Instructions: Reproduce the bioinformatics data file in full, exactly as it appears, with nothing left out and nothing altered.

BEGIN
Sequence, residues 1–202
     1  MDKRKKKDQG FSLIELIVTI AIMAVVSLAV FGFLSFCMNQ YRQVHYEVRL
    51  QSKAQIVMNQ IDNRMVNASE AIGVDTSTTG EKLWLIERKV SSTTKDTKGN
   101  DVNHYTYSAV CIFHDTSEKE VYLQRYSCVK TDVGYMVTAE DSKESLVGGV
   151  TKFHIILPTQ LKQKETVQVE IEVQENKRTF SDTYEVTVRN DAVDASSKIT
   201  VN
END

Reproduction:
Sequence, residues 1–202
     1  MDKRKKKDQG FSLIELIVTI AIMAVVSLAV FGFLSFCMNQ YRQVHYEVRL
    51  QSKAQIVMNQ IDNRMVNASE AIGVDTSTTG EKLWLIERKV SSTTKDTKGN
   101  DVNHYTYSAV CIFHDTSEKE VYLQRYSCVK TDVGYMVTAE DSKESLVGGV
   151  TKFHIILPTQ LKQKETVQVE IEVQENKRTF SDTYEVTVRN DAVDASSKIT
   201  VN